Following his departure from Manchester United, Ole Gunnar Solskjaer has accepted a new position with UEFA
Ole Gunnar Solskjaer, the former Manchester United manager, will begin a new post as a UEFA technical observer on Wednesday after turning down management positions in Saudi Arabia.
Solskjaer left United in 2021 following a slump in form that concluded in a 4-1 defeat to Watford at Vicarage Road. Since leaving Old Trafford, the Norwegian’s football career has been limited to youth coaching in his homeland.
However, in an interview with The Athletic, Solskjaer disclosed that he begins a new post with the governing body of European football today. “I’m doing a lot of coaching [in Norway], four times per week, and we have three teams.
“I’m helping the kids, who enjoy it. You see a different side to football, the grassroots – except it’s all plastic pitches here. You see the brightness in their eyes, they listen to you, and they want to learn.
“My role with UEFA means watching Champions League matches in person. I can watch teams from a different perspective than being a manager: Analyse them, solve problems, see how both teams will try to hurt each other.”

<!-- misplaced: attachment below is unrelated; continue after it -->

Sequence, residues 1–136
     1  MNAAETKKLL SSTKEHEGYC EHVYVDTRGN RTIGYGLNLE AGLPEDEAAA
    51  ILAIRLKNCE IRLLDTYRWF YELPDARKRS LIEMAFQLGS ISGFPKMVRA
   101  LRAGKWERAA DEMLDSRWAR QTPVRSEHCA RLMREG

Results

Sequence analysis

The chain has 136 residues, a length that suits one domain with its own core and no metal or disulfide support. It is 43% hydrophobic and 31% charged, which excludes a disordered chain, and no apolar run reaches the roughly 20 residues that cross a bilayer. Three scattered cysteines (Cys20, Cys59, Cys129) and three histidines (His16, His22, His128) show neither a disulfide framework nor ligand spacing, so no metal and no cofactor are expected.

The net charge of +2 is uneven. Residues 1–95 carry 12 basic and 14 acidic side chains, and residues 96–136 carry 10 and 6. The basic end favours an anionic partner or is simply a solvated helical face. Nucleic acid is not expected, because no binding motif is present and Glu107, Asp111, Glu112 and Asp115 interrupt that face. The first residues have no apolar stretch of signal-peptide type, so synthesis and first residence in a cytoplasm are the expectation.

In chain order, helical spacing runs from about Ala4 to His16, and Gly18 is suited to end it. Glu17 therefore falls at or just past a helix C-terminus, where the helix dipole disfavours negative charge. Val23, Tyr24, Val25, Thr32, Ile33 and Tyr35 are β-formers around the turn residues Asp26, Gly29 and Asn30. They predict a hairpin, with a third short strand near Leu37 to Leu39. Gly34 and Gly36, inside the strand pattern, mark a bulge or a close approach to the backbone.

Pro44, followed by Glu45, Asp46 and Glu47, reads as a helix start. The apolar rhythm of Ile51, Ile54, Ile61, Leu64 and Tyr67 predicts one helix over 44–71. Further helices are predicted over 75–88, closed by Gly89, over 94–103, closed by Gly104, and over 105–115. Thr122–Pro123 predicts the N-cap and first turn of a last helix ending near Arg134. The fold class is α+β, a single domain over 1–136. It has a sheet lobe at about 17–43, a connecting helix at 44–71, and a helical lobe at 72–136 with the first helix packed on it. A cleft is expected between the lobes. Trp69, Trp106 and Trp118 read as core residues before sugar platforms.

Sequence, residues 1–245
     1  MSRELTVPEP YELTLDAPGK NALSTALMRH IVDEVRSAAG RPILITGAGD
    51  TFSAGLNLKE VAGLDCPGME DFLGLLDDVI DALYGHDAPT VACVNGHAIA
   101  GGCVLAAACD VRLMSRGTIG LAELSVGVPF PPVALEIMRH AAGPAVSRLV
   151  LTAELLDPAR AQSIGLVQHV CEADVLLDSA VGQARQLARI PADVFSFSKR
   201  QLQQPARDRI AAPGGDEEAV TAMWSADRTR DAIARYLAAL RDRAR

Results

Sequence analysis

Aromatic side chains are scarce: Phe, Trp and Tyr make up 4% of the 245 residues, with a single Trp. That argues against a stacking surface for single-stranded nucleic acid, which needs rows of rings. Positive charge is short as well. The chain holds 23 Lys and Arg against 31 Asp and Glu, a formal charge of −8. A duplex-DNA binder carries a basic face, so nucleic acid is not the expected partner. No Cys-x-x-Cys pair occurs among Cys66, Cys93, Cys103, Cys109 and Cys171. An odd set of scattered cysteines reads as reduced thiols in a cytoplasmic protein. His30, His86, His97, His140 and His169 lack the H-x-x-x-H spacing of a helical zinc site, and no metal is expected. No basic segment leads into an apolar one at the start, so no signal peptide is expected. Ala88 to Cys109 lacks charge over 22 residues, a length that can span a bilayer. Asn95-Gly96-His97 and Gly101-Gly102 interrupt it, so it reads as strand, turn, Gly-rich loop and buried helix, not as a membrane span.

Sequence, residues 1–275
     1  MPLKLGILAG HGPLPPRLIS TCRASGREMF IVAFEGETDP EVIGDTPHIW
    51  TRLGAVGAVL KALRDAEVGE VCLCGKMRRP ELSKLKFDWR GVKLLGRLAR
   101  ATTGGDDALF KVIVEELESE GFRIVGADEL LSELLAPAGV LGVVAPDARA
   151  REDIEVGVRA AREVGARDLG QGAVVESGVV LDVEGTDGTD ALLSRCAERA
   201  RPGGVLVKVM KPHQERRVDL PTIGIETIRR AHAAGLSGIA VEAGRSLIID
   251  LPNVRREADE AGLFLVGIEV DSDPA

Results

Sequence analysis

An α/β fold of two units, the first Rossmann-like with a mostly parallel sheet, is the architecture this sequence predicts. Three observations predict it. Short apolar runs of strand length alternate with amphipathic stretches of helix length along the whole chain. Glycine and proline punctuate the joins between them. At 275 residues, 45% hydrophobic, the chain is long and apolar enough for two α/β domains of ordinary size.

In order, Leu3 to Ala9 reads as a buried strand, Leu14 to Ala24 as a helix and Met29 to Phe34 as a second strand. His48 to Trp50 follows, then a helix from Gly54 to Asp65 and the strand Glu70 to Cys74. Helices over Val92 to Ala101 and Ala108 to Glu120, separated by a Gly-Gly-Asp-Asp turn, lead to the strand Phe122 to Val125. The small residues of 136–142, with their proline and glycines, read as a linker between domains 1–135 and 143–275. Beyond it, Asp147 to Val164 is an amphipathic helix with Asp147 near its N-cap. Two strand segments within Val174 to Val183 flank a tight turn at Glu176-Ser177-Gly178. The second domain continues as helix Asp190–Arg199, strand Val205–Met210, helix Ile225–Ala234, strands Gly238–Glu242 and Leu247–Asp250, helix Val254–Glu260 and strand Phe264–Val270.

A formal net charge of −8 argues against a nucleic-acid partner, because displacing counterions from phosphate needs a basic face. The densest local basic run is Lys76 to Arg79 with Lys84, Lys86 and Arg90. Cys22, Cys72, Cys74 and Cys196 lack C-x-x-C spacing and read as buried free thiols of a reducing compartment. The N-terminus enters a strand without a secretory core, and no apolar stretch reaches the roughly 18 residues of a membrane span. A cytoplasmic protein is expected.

While Solskjaer acknowledges he enjoys teaching at the youth level, he misses the buzz of professional management and has disclosed he has received employment offers from the Middle East.
“I’ve had offers. Most recently, two from Saudi Arabia. My best mate, who is also my agent, sifts through them,” he added. “If you’ve managed Man United, you put your own criteria about what you want to work with. I love England and the Premier League. Even the Championship feels stronger than ever, but I don’t feel bound to England. Maybe a different challenge where I need to experience a new culture and learn a new language.
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“The DNA and identity of the club are important, a club where I can be the best me. It has to be a match. Maybe I made the wrong decision to go to Cardiff, for example, where there was a clash of identities and styles.
“What I miss most is working with good people, coming in every day, discussing football, and putting a plan together for the next game. It’s not just about formations, but creating a culture where the staff enjoy their job and building a team together.”